Yet, in contrast to this, RaceB4Race® has been integral in providing community for BIPOC scholars. The generosity and care that scholars from all levels of their career demonstrate at RaceB4Race® should be a model for other academic spaces. In academia, where diversity statements become a genre of trauma-porn or Elizabeth Warren-ing, where departments champion their decision to hire a woman of color but make no strategic changes to support and retain said woman of color, or students are bullied by faculty and admin for asking for a living wage, spaces like RaceB4Race® are a place of respite. Before the Thursday talks, Jonathan Hsy (George Washington University) shared remarks that resonated with my own feelings about RaceB4Race®, how it demonstrates the value and strength of BIPOC coalitions. In the highly hierarchical world of academia, we are actively told to disavow alliances, unless they benefit our career trajectory. Yet, the way my friends and I are surviving graduate school is through the networks we form.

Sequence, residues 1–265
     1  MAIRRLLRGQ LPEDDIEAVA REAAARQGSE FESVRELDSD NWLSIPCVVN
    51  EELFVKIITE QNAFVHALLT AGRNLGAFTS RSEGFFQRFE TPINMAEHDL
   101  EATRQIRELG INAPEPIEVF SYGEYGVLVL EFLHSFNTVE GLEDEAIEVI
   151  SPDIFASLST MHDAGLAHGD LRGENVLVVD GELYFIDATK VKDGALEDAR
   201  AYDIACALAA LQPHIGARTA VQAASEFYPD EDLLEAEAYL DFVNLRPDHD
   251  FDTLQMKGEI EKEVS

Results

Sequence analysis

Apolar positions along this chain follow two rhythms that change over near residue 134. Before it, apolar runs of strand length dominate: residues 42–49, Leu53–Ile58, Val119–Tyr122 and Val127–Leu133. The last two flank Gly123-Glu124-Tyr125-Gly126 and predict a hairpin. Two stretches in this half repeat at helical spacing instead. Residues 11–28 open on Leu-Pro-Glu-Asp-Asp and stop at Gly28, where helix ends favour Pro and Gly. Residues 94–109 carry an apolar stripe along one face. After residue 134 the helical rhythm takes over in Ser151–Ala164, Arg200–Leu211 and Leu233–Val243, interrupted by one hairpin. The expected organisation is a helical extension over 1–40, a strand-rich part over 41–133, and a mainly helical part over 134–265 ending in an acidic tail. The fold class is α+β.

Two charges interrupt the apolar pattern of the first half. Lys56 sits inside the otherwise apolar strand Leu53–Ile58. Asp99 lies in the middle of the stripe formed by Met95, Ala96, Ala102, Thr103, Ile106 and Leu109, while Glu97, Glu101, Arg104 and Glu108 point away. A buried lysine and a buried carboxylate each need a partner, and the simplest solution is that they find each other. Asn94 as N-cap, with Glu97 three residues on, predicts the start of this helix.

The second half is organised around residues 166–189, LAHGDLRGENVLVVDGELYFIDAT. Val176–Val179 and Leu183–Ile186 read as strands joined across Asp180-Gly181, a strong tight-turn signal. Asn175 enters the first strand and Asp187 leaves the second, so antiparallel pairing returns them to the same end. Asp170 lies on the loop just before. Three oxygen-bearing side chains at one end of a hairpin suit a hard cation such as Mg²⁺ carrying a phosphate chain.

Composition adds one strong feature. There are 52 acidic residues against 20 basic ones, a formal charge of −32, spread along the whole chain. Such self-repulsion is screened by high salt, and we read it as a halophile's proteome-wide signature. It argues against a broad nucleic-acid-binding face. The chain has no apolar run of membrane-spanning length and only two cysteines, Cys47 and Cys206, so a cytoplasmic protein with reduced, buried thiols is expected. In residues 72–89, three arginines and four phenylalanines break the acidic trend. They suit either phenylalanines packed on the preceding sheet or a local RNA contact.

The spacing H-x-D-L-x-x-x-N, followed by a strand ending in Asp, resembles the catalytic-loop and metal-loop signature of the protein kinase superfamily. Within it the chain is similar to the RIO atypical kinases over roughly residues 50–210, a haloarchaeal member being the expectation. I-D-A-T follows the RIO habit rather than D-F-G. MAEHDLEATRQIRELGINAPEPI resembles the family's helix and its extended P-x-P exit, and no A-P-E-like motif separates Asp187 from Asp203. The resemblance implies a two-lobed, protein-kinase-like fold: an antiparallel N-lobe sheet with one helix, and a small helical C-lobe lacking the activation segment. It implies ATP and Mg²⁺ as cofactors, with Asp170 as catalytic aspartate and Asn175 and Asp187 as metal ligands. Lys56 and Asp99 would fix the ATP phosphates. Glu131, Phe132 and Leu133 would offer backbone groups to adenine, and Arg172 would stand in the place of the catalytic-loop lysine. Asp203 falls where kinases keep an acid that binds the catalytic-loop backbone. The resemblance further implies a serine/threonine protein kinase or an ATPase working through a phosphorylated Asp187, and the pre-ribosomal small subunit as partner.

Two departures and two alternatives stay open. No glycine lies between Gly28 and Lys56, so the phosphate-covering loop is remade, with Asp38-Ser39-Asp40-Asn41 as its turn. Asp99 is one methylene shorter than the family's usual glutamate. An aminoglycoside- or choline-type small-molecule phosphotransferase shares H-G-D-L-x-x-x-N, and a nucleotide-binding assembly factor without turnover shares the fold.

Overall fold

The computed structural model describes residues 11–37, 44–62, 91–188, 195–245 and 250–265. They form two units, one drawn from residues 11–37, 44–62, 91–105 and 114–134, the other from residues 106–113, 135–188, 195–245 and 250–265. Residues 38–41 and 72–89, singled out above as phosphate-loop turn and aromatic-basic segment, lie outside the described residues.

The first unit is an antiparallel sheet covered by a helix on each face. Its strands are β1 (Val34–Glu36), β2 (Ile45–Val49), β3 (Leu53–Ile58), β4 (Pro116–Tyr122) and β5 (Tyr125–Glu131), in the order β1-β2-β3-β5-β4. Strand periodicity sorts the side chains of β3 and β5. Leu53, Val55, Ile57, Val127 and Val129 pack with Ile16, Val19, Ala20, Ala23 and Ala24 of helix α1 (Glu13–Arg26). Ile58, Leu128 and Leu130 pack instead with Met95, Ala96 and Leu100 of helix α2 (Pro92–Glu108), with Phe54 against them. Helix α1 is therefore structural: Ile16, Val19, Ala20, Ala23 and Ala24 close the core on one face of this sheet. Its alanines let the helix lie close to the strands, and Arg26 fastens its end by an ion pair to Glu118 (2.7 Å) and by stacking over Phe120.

With gratitude to the organizers and speakers at RaceB4Race® Education, I encourage everyone to watch the recordings and spend time reflecting on one’s practices, particularly moments that may be uncomfortable. An antiracist committee is not enough to transform an institution seeped in colonialism. Instead, how can we form communities of care, where we provide love and support as we ask challenging and uncomfortable questions together in the aim of radical transformation? RaceB4Race® offers a model for what that might look like and we should all continue, as Duperron urges, to listen.